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Thread: Figuring it all out

  1. #1
    Lifetime Member Enzo's Avatar
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    Figuring it all out

    I have a friend I have been mentoring in this arcane art of amp repair. I haven't had a shop in a couple years, and I miss the old problem solving. I have most of my amp assets over at his shop, and he is fixing them up for sale. I go over to talk shop, teach something worthwhile, and aid in fixing. My main fight is getting him past the "But it is solid state...".

    SO I had a GK 700RB from my old shop. The thing worked, it was 100% except one of the parallel speakon jacks was bad. I had removed the jack, pending order for a new one. I had left the board dismounted, hardware in a pill vial. It suffered the move into storage and being moved around, but eventually I pulled it out and over to the friend's shop. He ordered the connector and found the amp made no sound. I knew it worked when I last had it.

    My guts kept telling me the thing was OK, and something dumb had befallen it. And I don't like to ignore my guts. We spent a couple hours - we move slow as it is a social call as well as working time. So nothing out the speaker, verify both 1/4 and speakon jacks as well as the output inductor on the board, no signal. Plug into FX return, still no signal. Apply signal to regular input, nothing.

    http://music-electronics-forum.com/s...ad.php?t=44027 schematic there.

    I was thinking FX return went to power amp, but there is a lot of circuit after the FX return before the PA. But an input up front did yield a signal at FX send at least. Noted red LED for a few seconds at power up, but no blue LED for run.

    SO what I usually say, "start at the start". So we went in at FX return and traced signal. Through C48, and present at left end of R98. Right end, no signal. R98 not open, looked around a while and found 20 ohms to ground from the right end, also pin 3 of boost pot. Followed traces between R98, D14, and boost pot, found 20 ohms to ground everywhere there and nothing obvious. All knobs off, pull the preamp board. Now let's find that 20 ohms. Well of course it is now 60k. Just what it ought to be. Friend, "but...but...but..." I said, it used to work, I am sure it works, and we probably dislodged a bit of something , solder, wire but, who knows, that was causing the short. Unit now passes signal to cable to power amp. great, amp ought to work. Reassemble and...no sound.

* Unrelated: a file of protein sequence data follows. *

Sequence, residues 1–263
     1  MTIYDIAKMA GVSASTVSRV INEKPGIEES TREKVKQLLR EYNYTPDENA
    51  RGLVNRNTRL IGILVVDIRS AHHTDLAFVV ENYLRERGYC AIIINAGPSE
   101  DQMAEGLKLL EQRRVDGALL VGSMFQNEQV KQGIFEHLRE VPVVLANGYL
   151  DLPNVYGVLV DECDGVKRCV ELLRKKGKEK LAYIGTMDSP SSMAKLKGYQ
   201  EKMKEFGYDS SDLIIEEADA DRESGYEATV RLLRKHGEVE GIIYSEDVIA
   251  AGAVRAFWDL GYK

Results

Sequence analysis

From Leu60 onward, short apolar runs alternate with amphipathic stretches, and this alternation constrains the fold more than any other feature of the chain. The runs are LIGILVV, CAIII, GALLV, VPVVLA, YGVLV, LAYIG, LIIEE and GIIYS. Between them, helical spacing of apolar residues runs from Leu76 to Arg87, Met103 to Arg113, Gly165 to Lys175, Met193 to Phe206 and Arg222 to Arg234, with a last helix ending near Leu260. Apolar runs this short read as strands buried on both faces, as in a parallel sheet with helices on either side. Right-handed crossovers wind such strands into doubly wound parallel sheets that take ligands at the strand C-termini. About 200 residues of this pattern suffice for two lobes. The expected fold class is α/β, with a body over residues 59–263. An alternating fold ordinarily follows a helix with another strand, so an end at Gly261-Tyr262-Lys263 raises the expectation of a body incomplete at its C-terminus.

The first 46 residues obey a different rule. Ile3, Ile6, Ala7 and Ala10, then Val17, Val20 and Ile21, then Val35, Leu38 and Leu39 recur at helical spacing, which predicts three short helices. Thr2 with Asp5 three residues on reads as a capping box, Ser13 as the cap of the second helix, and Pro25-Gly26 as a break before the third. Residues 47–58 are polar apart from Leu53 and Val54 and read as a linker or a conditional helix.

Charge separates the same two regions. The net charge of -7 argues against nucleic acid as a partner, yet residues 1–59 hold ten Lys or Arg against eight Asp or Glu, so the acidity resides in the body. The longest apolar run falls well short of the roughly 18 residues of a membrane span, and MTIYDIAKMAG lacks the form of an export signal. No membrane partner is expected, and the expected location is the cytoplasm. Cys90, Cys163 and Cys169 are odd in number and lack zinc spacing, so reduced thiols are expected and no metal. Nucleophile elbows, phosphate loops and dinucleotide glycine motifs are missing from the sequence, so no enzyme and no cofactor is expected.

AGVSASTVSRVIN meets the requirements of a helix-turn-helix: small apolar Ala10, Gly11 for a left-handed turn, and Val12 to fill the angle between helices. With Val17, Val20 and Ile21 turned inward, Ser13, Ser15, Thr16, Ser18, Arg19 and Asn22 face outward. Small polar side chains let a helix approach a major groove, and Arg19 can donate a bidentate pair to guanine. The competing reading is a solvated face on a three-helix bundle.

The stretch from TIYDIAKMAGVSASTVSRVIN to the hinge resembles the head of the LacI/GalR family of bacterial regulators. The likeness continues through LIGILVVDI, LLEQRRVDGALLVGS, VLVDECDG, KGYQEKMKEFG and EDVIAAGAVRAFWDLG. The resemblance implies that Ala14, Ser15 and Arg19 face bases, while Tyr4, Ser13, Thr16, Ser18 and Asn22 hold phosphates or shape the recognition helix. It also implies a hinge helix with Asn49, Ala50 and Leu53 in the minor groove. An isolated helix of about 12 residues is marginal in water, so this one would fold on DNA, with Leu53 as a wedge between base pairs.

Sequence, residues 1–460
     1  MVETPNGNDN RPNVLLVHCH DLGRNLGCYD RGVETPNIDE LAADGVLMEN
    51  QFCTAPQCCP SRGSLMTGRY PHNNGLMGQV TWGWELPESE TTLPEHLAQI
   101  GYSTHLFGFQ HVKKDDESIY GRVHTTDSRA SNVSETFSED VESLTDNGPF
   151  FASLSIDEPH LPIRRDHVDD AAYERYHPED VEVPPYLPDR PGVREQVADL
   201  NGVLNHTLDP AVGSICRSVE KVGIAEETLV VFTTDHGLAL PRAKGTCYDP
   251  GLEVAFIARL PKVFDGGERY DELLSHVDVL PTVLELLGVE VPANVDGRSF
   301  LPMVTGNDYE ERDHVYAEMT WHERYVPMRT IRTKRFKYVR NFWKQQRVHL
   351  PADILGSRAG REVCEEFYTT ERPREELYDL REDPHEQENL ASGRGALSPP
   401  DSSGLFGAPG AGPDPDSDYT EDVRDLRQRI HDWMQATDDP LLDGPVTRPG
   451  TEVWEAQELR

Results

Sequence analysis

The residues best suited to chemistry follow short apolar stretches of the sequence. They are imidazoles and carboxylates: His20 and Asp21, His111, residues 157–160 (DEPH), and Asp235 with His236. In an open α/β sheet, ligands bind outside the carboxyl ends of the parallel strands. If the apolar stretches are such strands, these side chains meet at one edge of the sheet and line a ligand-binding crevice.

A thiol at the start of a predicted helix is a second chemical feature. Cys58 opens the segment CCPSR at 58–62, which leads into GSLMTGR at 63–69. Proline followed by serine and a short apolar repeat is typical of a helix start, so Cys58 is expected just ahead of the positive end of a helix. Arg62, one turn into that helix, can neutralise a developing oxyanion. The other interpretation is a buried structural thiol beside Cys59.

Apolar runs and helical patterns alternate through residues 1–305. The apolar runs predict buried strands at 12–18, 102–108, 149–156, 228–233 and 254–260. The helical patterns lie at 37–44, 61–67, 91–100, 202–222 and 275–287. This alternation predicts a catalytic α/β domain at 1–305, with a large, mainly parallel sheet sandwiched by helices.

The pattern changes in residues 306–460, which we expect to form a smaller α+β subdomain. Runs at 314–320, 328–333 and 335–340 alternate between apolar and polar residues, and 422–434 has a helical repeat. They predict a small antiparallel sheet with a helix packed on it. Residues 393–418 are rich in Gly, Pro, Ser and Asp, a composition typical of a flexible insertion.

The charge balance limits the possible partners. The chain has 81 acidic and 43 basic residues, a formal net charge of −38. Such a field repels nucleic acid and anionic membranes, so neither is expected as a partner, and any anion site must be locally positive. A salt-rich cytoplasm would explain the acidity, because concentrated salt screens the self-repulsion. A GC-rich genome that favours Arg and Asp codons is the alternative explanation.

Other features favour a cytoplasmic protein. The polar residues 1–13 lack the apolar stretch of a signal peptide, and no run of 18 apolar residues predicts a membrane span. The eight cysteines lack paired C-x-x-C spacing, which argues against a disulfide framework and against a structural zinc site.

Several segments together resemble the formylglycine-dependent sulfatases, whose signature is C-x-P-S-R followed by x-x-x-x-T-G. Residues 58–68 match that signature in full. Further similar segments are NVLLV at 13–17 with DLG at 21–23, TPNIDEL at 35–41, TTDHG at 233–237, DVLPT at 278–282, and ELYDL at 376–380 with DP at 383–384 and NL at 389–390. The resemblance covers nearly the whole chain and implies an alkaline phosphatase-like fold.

OK, I don;t give up easy, we fixed the preamp, the power amp still has an issue. Sigh. OK all power rails OK. I feel pretty good the thing is muted for some reason. I just know it isn't blown up. I'll skip over a bunch of general checks of the circuit. I was convinced we were muted, so where are the mutes? Took me a while to spot them on power amp. Lower left I see MUTE1 and MUTE2. I see MUTE2 kills the LM3886 for the tweeters out. But it is slaved to MUTE1. Not sure why we have Q4 AND Q5, but they work in series from the same base control so... Q4,5 have to be on to complete the diffy pair to V-. Sure enough zero volts across R21. And -86v on R23. Where does MUTE1 come from?